• Qurac: Played for drama in an exchange near the end;
    Charlie: We've spent billions on weapons. Let's spend a million more and rebuild a school.
    Bob: Charlie, nobody gives a shit about a school in Pakistan.
    Charlie:...Afghanistan. It's Afghanistan.
  • Pointy-Haired Boss: Cravely is a company-man more strict than competent. He is not completely unreasonable, but Gust has no patience for the obtuseness and tells the boss, in no uncertain terms, to go fuck himself. Twice.
  • Really Gets Around: Charlie Wilson. His girlfriend (or at least, sometime girlfriend) Jane also expresses willingness to sleep with other men.
  • Refuge in Audacity: Charlie doesn't try to hide his hedonistic lifestyle from his Bible Belt constituents.
    • He's representing Texas: they pray hard and party hard in that state.
    • He's also representing a district that's already so wealthy that Charlie has little to do in Congress... except collecting favors over votes that he can cash in to get the secret war in Afghanistan started...
  • Sarcasm-Blind: In their first meeting, Gust arrives with a bottle of Scotch as a present for Charlie doubling the funding for their covert efforts in Afghanistan. Charlie offers his thanks and Gust replies "It was nothing. ...Doubling the budget was nothing. Ten million dollars for covert ops against the Russian army is meaningless. What are you, an infant?"
    • Plus, Gust has the bottle wired for sound.
  • Sexy Secretary: Charlie was notorious for this in real life. His aides were referred to as "Charlie's Angels", a play on the television show of the same name. One of his secretaries explains it beautifully to a visitor: "Well... Congressman Wilson, he has an expression. He says, 'You can teach 'em to type, but you can't teach 'em to grow tits.'" Which was something the real Charlie Wilson said (to a reporter) who questioned him about his preference for hiring beautiful women as his aides. Aside that, the secretaries are very competent at their jobs. They're not just Eye Candy.
  • Shout-Out:
  • Signature Style: The screenplay has Aaron Sorkin's fingerprints all over it, as he would put it.
  • Sleazy Politician: Charlie is among the sleaziest ever portrayed, yet is a noble and dedicated public servant all the same.
    Charlie: You know you've reached rock bottom when you're told you have character flaws by a man who hanged his predecessor in a military coup.
  • Smart People Play Chess: We're introduced to covert warfare strategist Mike Vickers playing chess in a park against four opponents simultaneously - he warns one opponent against trading queens without even looking at the guy or at the board.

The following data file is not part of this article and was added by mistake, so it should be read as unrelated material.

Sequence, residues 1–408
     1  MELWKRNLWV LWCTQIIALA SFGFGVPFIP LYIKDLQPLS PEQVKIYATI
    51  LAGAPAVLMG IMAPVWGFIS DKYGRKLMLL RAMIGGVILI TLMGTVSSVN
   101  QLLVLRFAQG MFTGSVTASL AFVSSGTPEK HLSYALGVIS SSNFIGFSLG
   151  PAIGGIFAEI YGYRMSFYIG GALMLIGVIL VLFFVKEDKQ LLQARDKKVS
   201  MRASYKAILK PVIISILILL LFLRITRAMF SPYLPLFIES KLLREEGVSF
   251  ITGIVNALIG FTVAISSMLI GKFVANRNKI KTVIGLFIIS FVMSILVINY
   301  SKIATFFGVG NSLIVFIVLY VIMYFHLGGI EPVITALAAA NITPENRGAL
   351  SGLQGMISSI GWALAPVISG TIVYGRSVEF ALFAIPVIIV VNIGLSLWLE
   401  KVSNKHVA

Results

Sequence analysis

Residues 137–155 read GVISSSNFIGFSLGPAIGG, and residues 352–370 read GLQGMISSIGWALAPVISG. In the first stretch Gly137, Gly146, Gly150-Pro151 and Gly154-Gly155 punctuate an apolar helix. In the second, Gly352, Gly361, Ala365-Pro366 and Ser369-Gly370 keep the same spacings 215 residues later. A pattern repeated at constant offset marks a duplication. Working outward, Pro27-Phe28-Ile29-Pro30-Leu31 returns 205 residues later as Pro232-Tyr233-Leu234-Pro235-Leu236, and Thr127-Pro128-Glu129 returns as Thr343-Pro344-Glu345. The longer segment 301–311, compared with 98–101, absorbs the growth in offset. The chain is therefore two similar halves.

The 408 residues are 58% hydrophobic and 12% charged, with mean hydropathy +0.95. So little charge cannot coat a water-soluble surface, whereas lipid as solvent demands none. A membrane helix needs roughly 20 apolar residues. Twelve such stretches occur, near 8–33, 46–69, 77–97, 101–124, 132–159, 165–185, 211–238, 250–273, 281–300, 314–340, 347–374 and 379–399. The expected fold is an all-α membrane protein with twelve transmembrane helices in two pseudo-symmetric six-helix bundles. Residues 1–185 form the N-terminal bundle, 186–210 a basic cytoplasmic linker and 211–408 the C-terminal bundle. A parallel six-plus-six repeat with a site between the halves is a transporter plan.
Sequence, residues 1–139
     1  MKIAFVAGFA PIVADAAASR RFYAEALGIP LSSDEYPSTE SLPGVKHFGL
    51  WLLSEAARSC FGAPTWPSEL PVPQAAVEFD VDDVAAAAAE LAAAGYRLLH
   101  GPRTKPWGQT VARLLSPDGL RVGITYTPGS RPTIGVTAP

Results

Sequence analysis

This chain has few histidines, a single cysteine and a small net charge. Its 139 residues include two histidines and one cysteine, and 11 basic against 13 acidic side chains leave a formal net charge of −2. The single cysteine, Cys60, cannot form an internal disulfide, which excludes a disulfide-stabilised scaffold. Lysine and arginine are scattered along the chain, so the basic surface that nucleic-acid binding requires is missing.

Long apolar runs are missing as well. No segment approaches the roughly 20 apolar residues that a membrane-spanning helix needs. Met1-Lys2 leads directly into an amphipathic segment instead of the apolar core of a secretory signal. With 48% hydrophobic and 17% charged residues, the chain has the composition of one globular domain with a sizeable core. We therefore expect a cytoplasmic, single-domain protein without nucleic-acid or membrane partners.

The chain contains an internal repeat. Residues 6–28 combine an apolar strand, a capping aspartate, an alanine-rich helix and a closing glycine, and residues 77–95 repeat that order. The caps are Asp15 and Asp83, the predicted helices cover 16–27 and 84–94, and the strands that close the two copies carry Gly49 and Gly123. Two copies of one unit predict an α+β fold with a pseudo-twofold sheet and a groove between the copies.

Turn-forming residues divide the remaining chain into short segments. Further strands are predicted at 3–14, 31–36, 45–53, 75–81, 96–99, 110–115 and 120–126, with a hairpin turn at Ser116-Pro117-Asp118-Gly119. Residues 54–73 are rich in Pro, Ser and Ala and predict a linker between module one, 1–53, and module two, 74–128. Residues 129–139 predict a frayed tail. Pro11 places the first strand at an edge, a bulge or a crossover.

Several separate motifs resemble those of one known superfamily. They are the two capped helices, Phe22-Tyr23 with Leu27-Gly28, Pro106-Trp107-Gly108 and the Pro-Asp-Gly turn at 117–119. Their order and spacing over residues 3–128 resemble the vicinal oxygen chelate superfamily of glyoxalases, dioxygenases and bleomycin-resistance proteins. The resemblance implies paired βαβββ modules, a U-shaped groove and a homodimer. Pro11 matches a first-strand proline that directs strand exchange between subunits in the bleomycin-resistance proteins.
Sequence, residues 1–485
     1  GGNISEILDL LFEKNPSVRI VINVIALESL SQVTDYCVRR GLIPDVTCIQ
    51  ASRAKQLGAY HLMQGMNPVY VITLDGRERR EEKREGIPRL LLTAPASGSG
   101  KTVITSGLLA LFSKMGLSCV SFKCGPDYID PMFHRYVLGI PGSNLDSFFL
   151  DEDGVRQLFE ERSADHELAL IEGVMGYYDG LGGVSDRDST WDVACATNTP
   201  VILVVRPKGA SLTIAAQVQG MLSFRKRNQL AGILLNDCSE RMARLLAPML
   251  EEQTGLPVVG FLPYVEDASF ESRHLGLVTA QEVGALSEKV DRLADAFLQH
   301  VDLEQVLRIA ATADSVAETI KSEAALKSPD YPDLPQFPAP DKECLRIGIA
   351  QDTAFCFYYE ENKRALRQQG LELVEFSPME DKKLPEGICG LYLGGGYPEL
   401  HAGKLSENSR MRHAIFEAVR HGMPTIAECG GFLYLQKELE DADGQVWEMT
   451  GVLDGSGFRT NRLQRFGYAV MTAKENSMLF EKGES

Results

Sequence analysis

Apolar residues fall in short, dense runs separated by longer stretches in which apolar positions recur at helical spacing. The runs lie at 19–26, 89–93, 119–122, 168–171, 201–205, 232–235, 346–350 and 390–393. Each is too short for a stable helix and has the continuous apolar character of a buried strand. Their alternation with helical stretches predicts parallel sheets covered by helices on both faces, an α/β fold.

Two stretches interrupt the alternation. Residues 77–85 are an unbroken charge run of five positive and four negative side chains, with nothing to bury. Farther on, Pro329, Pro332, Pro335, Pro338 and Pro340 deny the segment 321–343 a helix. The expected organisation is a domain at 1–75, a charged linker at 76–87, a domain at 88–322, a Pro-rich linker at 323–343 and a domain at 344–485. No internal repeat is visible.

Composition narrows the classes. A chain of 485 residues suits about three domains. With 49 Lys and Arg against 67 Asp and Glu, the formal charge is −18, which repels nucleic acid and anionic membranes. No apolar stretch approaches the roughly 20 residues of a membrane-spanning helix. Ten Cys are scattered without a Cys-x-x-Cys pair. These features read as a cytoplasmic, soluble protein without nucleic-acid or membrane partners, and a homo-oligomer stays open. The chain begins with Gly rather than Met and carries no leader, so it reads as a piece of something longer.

Charlie: That's a useful skill...if Afghanistan's ever invaded by Boris Spassky.
  • Smooch of Victory: Charlie kisses his secretary in front of his congressional colleagues when she brings him the news of the first Hinds being shot down.
  • Spit Take: Joanne is throwing a big event with President Zia of Pakistan as the guest of honor. Zia is controversal for overthrowing his predecessor Bhutto, and Charlie has warned Joanne not to even mention the subject for fear of alienating potential allies. Naturally, the first words out of Joanne's mouth are about Bhutto.
    Joanne: "Before we go any further I would like you to know this. President Zia did not kill Bhutto." (Charlie drops his glass).
  • Stubborn Mule: Gust reacts with incredulity when he's told that the mules have to be trained to carry stuff through the Afghan mountains:
    Gust: Aren't they born with that instinct? I mean, isn't that something they want to do naturally?
  • Sultry Belly Dancer: A variant apparently influenced by East Texas stripper routines.
    Egyptian Deputy Minister of Defense: That's not any belly dance I'm familiar with...
  • Tantrum Throwing: Gust breaking his CIA boss' window after he's denied the Helsinki assignment. It has been just replaced - after his previous outburst.
  • Waxing Lyrical: When Gust is listing the reasons why he should be Helsinki station chief, he ends by saying, "I'm never ever sick at sea." Given who wrote the script, this also counts as Author Appeal.
  • Work Hard, Play Hard: Charlie Wilson's motto.
  • World of Snark: Aaron Sorkin's staple. Almost every conversation is riddled with sarcasm and witticisms.

Alternative Title(s): Charlie Wilsons War